MET findings suggest that the highest-achieving classrooms are respectful and orderly environments, with students who stay busy and learn to correct their mistakes from a teacher who explains difficult things clearly. Control is the strongest predictor. However, the differences between these correlations and those for other items are not large. All of the Tripod 7C's items and associated indices are correlated in the MET study with value-added achievement gains. Educators should keep all of them in mind as they seek ways to improve teaching and learning.
That student perceptions of teaching quality have now been shown to predict test scores is important, but test scores are not the only outcomes that we value. As parents, teachers, and concerned citizens, we also value lofty goals, on-task behaviors, optimistic beliefs, and happy feelings.
In our work with the Tripod survey in other projects, we have learned that students are happier in classrooms where they feel safe and intellectually stimulated--classrooms where teachers relate well to students, make lessons interesting, and maintain order. Elementary school students try hardest to understand their lessons when teachers are not only caring, but when they also have the skills to provide clear explanations and challenge students to think and persist in the face of difficulty. Even for the high school students, two of the strongest three predictors of effort are highly favorable responses to Clarify and Challenge.
Students hide effort more and hold back more in classrooms where teachers confer more actively with their students. Perhaps students have more opportunities to avoid participating (by hiding effort and holding back) in classes where there is lots of conferring and opportunities to participate are more abundant. The fact that students are more aware of hiding effort or holding back in such classes may not necessarily be a bad thing. It's just human nature. Similarly, both upper and lower elementary school students agree that their teachers accuse them of not paying attention in classrooms where teachers work most actively with students to help them consolidate their knowledge. An example of an elementary school item for Consolidate is, "My teacher takes time to help us remember what we learn." If teachers who take time to help students remember are also more prone to notice when they are not paying attention, that is a good thing.
It appears that each of the Tripod 7C's pertains to a distinct and potentially important aspect of teaching that affects what students experience and how actively they engage. In addition, there are multiple dimensions of engagement that we care about. We don't just want high test scores. We also want attentiveness and good behavior, happiness, effort, and efficacy. I think most parents would be willing to sacrifice a few test score points if it meant gaining more of these four. Fortunately, the same teaching behaviors that predict better behavior, greater happiness, more effort, and stronger efficacy also predict greater value-added achievement gains.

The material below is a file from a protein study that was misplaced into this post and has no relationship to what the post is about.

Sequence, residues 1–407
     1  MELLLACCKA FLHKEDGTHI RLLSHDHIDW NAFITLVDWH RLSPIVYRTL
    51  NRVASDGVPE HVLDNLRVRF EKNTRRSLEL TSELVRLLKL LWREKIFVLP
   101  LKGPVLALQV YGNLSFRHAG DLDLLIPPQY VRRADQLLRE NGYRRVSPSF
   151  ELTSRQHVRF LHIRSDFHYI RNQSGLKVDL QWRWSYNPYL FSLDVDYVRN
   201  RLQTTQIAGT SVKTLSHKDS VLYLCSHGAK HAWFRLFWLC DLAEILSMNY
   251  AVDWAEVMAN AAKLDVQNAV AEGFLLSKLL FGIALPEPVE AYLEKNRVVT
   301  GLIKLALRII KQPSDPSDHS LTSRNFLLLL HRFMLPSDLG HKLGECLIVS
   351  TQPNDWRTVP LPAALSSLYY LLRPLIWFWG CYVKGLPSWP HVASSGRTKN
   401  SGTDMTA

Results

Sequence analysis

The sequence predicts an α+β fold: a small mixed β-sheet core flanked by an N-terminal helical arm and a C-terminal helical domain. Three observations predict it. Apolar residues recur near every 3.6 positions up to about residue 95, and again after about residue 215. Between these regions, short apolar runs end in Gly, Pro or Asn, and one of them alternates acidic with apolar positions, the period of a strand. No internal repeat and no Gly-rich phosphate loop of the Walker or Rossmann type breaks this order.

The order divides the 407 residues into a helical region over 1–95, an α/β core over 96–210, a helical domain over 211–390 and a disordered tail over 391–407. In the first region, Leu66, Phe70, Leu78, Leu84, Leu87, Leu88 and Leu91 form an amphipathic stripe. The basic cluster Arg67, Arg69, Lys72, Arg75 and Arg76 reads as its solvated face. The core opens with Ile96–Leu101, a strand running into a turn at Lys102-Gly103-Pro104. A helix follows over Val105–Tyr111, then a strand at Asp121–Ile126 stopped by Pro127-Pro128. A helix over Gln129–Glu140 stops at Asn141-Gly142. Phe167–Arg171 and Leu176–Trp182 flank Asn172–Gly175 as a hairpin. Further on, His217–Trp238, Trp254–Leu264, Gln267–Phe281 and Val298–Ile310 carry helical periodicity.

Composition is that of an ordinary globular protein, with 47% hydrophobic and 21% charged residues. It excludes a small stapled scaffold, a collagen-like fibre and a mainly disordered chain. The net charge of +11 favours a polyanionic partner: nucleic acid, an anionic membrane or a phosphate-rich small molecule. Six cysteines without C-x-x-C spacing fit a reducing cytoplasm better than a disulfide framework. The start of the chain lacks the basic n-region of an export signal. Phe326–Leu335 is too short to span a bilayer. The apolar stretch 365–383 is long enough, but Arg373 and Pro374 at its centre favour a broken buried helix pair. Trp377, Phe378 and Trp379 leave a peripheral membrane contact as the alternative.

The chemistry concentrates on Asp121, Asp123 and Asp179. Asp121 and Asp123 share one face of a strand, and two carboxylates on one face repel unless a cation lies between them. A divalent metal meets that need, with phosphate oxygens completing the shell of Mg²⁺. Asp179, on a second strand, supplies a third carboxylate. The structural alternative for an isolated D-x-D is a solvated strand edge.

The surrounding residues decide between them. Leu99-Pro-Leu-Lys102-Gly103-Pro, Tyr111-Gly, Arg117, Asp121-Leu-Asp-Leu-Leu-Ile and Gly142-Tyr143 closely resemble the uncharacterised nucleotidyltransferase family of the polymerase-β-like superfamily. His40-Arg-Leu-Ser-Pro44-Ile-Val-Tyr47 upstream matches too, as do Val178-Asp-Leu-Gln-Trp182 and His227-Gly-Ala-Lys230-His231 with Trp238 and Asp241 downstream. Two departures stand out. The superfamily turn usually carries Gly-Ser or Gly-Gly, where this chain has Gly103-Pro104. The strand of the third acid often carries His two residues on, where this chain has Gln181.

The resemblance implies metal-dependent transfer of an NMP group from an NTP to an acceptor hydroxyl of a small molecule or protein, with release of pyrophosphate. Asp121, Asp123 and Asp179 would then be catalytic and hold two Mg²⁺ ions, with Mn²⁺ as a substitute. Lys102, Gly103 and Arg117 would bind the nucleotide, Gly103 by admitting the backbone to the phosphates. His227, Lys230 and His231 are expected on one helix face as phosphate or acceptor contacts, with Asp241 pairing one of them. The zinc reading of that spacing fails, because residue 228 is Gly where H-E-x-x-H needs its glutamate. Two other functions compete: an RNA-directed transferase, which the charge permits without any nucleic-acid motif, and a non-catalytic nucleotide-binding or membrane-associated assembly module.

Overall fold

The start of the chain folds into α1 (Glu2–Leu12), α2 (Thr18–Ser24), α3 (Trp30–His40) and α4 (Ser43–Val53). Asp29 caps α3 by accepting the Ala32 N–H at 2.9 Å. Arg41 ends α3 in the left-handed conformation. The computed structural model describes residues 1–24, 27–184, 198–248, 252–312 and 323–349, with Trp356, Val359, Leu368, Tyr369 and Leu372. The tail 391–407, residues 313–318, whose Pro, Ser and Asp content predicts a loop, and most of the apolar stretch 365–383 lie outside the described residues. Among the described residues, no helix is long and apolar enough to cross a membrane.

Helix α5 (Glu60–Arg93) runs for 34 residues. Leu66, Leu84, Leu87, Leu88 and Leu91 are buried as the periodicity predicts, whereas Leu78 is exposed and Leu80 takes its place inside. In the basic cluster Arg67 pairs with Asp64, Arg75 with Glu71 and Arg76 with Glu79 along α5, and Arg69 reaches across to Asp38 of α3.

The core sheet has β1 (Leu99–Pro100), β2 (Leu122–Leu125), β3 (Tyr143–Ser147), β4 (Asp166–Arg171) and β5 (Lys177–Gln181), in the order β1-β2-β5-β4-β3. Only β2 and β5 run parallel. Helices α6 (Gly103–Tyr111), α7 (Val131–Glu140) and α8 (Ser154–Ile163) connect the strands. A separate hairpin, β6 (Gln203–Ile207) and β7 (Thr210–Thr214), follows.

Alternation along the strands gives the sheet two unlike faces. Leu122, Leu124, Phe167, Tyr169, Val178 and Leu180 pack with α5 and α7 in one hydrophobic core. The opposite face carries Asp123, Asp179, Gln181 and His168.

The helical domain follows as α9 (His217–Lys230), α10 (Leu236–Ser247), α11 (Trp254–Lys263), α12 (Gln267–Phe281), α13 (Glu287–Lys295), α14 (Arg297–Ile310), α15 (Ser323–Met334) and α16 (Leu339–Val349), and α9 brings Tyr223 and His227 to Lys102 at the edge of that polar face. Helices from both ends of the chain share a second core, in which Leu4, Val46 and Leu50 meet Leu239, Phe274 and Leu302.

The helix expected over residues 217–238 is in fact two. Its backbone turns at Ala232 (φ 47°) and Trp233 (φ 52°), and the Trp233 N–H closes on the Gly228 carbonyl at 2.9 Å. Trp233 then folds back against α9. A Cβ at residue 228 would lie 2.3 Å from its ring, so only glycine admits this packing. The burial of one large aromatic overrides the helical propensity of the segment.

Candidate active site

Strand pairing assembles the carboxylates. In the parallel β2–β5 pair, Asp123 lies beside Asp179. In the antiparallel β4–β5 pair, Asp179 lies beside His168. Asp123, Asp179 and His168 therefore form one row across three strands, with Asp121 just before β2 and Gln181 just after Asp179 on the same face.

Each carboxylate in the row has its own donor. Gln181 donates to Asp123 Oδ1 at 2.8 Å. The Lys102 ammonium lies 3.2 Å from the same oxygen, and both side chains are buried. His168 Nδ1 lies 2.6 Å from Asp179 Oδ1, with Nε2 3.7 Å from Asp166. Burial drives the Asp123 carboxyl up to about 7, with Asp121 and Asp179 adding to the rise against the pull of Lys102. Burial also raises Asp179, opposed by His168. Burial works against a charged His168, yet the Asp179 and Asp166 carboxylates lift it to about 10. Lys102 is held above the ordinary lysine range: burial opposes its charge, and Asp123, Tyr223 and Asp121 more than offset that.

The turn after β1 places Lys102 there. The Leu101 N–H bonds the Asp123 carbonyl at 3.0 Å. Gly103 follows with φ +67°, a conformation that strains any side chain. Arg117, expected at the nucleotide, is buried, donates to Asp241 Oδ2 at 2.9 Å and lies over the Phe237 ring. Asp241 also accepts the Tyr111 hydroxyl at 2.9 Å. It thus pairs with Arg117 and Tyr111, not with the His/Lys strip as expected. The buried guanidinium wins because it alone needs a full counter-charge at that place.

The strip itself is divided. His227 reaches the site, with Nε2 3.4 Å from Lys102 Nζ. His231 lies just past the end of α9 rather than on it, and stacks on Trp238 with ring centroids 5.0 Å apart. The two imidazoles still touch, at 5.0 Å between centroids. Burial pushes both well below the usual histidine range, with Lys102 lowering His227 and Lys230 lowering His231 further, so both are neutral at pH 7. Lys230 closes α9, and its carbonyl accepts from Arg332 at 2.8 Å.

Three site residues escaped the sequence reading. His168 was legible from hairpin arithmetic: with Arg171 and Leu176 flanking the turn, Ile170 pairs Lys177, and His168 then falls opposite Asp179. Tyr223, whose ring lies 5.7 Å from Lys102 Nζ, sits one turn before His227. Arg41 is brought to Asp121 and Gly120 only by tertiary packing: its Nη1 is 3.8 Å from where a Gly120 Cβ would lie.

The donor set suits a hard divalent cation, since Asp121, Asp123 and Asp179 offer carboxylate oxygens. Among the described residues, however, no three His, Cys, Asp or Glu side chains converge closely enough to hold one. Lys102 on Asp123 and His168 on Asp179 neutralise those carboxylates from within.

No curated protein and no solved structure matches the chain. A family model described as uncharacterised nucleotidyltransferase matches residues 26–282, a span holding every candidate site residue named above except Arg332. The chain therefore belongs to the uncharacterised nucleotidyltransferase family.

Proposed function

Educators and researchers worry that student survey responses to teacher quality questions will reflect mainly family backgrounds and personalities instead of teaching quality. So, we take pains to find ways to reduce the possibility that such extraneous factors affect our findings. This is why the MET project used the student survey responses from one set of classrooms to predict value-added gains in other classrooms taught by the same teachers. With this research design, the teacher is presumably the only factor affecting both the survey responses and the test score gains, so that any correlation between the two is presumably attributable to the teaching.
Researchers over many decades have suggested that students will engage more deeply and master their lessons more thoroughly when their teachers care about them, manage the classroom well, clarify complex ideas, challenge them, make lessons interesting, confer with them and consolidate lessons to make learning coherent. Using the Tripod 7C's survey, MET and other projects have given students in thousands of classrooms the opportunity to demonstrate that they can predict their own value-added achievement gains and distinguish their classrooms on key dimensions.
Doubts about whether student responses can be reliable, valid, and stable over time at the classroom level are being put to rest. We are learning that well constructed classroom-level student surveys are a low burden and high-potential mechanism for incorporating students' voices in massive numbers into our efforts to improve teaching and learning. No one survey instrument or observational protocol should have high stakes for teachers if used alone or for only a single deployment. But, students know good instruction when they experience it as well as when they do not. I anticipate a growing consensus that student perception surveys should be among the multiple measures used multiple times over multiple years not only to measure teaching effectiveness, but also to inform a broader set of actions that we can take to improve schools.
RONALD F. FERGUSON (email@example.com) is a senior lecturer in education and public policy at the Harvard Graduate School of Education and the Harvard Kennedy School, Cambridge, Mass.